Cat shooting prompts new gun law
She was just one family's pet, but the death of Carmen the cat may soon have an impact on every resident of Albemarle County.
On September 6, County attorney Larry Davis will present to the Board of Supervisors a draft ordinance that, if passed, will strengthen the county's laws on discharging firearms by creating "safety zones" around homes and other buildings. The move comes, Davis says, after prompting from Commonwealth's Attorney Jim Camblos in the wake of Carmen's April shooting in the posh Bentivar subdivision.
"When we were dealing with the cat killing case, and we went to try to get a warrant for discharging in a subdivision, we found that Bentivar and many others in the county were exempt," says Camblos. "We thought that was absolutely wrong."
While County code has long outlawed shooting in residential neighborhoods, many Albemarle subdivisions have been built in areas zoned rural, where shooting guns is permitted.
Bullets can easily travel between yards, and County Supervisor Chair Dennis Rooker says he fears for the safety of people in such neighborhoods.
"Camblos remarked to me that he was surprised to find there was no ordinance to prohibit shooting guns," says Rooker. "That motivated me to want to get something done in this area. For the protection of residents in the county, we need to do something that's reasonably restrictive."
As the Hook reported in its May 18 cover story, "Claws and effect: Bentivar shooting sparks outrage," Carmen was a three-year-old black cat who belonged to Klaus and Vanessa Wintersteiger and their two children. On the night of April 24, the family discovered her in the garage bleeding from bullet holes in her neck and front leg. They took Carmen to the emergency veterinary clinic, but learned that extensive surgery to amputate her leg and shoulder had an uncertain outcome, and they decided to euthanize her.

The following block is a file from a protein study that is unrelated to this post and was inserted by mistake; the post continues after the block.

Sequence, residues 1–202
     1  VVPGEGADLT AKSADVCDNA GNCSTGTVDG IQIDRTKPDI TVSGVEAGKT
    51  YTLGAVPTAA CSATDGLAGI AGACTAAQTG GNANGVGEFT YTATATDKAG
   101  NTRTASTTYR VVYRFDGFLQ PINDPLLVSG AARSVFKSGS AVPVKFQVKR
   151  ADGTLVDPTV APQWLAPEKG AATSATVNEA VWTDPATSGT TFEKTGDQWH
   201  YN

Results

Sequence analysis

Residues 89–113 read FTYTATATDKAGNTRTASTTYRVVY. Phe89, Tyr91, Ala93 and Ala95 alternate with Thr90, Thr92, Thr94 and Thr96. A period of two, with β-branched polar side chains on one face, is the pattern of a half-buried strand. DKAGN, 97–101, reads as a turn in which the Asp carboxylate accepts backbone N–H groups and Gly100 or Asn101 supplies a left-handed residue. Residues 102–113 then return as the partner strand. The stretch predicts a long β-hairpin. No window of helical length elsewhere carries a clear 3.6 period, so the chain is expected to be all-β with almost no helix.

The next day, the Wintersteigers contacted the police, who, by that afternoon, arrested the Wintersteigers' neighbor, businessman George Seymour, owner of the Import Car Store on Hydraulic Road and Emmet Street.
The case riled the community, pitting animal activists against those who believe the rights of property owners are trampled by free-roaming cats. Though Seymour admitted he'd shot the cat, he claimed it was in response to cats scratching the paint on expensive cars parked in his driveway.
When Seymour's wife, Kathy, testified that cats regularly scratched the car paint, often costing the couple from $600 to $1,600 per car, titters erupted in the courtroom. One paint professional says cats can inflict damage, but he disputes that figure as the cost of repairs.
"I've never had to repaint from a cat scratch," says Rick Lasocki, owner of Paint Perfections Unlimited. Cats, says Lasocki, "don't have enough weight behind them to physically scrape all the way through the paint."
Though he regularly sees "light little scratches," Lasocki says the majority of the fixes require "five minutes of wet sanding and buffing." The average cost: "about $60," he says.
For Seymour, who was convicted of misdemeanor animal cruelty in Albemarle District Court on August 22, the cost of defending his paint proved much higher. He'll spend 10 days behind bars and perform community service.
"I'd like to see the gun law change," says Susanne Kogut, executive director of the Charlottesville Albemarle SPCA.
Not everyone is enthusiastic about the prospect of losing the right to shoot in the 'hood, however. "It makes sense to some degree, but most people who have purchased property in the county enjoy that privilege," says Vicki Hale, co-owner of Woodbrook Sporting Goods, "so I'm sure there will be some opposition."
Camblos knows he'll take some heat, but he says it's worth it.
"I own guns, and I believe in a person's right to own and use a gun," he says. "But given the population of the county and the number of subdivisions that we have, shooting guns in one of those subdivisions should not be allowed."